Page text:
The title of this article may be a little misleading – but not by much. No, we aren’t talking about your first formal interview for a job. But in truth, the clinical rotations you do while still a student ARE your first interview, because that’s when hospitals in your area are going to form an opinion about what kind of employee you would make.
Kimberly Fusselman, MHA, BSRT, RRT-NPS, director of respiratory therapy, the PICC team, and patient transport at Lovelace Medical Center in Albuquerque, NM, says clinical rotations matter to her, and they matter a lot. “I consider several factors when deciding whether or not to interview a student upon graduation. First, I consider the student’s enthusiasm during the rotations,” she says.
Fusselman says her hospital offers some unique experiences for students and she is looking for applicants who recognized that fact and took advantage of it. “Students who are eager to participate in any and every learning opportunity give a very favorable impression,” emphasizes the AARC member.
She’s also impressed by students who prove willing to extend themselves beyond just respiratory care during their rotations. “For example, if your patient is going to have a procedure, ask to observe,” she advises. “If help is needed to turn or bathe a patient, be among the first to volunteer your help.”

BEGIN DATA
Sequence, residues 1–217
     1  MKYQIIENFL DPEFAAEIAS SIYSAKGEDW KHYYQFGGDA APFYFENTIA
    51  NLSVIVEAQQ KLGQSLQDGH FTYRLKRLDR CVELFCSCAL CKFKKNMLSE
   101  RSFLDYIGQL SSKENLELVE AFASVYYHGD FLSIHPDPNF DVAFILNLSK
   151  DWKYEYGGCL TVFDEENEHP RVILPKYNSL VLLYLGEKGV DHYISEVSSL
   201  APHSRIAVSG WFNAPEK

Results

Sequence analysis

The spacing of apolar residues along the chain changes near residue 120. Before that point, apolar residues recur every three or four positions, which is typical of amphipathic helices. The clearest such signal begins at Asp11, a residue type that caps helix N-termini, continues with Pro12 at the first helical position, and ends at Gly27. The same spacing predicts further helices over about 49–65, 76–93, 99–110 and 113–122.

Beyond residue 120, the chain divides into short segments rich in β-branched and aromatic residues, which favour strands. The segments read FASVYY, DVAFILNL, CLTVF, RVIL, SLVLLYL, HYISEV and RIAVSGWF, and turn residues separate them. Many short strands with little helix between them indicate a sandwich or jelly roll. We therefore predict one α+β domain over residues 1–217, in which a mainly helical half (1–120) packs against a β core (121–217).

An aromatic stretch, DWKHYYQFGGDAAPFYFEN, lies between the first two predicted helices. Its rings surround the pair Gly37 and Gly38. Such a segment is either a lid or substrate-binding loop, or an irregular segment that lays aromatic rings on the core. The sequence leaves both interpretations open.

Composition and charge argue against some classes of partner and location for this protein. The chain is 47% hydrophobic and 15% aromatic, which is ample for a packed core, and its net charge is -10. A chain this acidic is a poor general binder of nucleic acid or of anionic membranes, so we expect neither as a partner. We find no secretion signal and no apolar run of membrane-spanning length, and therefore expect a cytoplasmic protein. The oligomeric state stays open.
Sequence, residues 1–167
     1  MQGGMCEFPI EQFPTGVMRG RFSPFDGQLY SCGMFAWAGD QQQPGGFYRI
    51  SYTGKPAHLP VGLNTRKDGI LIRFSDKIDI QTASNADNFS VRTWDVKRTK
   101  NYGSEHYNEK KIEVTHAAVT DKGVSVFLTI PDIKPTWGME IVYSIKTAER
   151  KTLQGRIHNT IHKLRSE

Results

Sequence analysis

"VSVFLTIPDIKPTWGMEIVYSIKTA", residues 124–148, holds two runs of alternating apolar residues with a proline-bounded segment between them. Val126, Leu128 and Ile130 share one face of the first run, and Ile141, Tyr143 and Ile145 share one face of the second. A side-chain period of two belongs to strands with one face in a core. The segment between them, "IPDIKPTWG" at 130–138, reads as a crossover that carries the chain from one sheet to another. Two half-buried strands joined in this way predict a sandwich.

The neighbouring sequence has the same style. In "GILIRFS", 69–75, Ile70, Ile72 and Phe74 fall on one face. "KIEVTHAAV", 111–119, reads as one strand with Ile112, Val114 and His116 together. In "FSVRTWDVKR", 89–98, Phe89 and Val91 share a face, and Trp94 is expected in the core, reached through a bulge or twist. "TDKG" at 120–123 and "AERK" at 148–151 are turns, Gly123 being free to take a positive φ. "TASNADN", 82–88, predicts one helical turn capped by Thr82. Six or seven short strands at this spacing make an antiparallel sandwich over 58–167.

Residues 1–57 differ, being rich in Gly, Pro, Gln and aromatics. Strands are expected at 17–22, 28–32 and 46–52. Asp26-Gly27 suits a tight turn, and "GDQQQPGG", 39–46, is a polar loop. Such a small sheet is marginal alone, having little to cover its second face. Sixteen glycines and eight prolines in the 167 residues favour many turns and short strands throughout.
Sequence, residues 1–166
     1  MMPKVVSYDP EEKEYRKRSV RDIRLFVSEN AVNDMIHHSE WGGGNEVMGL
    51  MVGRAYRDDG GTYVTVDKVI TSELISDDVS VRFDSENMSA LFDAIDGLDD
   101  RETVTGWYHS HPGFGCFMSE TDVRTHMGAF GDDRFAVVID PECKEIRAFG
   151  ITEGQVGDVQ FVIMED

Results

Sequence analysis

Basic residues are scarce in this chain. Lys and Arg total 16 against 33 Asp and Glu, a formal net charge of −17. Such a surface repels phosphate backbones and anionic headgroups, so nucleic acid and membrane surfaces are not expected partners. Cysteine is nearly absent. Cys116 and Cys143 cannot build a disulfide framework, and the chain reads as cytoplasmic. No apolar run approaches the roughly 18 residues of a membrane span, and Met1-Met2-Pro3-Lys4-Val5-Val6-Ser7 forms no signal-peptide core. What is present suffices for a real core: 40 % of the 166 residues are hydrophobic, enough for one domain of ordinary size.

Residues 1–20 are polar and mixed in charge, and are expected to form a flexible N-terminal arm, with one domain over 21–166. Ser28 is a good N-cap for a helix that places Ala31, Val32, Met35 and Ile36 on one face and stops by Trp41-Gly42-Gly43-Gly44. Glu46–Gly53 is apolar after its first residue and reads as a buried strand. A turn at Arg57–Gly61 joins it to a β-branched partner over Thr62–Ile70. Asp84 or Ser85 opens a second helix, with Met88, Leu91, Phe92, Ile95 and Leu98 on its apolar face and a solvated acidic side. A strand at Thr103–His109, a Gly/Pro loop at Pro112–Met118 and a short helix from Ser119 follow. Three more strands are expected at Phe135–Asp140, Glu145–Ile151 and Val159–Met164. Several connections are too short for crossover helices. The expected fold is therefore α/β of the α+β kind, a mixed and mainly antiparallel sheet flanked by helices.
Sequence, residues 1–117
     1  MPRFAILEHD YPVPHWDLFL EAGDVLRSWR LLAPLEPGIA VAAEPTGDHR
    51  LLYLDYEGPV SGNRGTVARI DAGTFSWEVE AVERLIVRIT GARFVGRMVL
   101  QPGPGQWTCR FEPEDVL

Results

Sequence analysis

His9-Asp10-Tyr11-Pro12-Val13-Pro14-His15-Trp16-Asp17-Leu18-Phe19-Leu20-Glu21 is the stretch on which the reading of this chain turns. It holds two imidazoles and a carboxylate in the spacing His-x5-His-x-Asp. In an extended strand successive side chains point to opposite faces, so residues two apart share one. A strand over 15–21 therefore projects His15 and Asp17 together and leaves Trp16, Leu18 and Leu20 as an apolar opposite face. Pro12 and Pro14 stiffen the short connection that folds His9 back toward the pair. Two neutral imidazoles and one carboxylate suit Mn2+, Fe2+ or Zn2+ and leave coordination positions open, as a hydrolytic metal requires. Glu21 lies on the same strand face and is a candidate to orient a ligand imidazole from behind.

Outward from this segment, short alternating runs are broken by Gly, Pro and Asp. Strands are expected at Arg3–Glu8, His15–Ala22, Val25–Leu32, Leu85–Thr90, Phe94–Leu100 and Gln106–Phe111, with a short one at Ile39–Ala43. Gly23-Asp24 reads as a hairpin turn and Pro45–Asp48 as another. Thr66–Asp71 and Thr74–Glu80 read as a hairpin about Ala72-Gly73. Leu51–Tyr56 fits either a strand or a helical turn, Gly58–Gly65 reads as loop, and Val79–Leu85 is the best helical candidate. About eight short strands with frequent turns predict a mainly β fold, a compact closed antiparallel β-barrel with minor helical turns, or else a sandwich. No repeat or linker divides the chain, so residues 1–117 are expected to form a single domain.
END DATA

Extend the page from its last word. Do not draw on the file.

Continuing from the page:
Dependability and reliability figure into her decision to consider a student for a full or part time position too. Students who arrive late for a rotation or are unprepared for the learning objectives for the day go down in her book as people who will show up late for work and not ready to complete the tasks at hand.
The right attitude is a must as well. “Finally, I examine the student’s interactions with patients and other staff,” says the manager. Students who don’t get along with patients and staff members are not likely to receive an interview. Arrogance and the inability to accept redirection are turn-offs too.
“Observe the behaviors of others around you, especially when interacting with patients and families,” concludes Fusselman. “You can learn so much about the kind of therapist you want to be, as well as the kind you don’t want to be, just by observing. Be courteous and humble, and be on time!”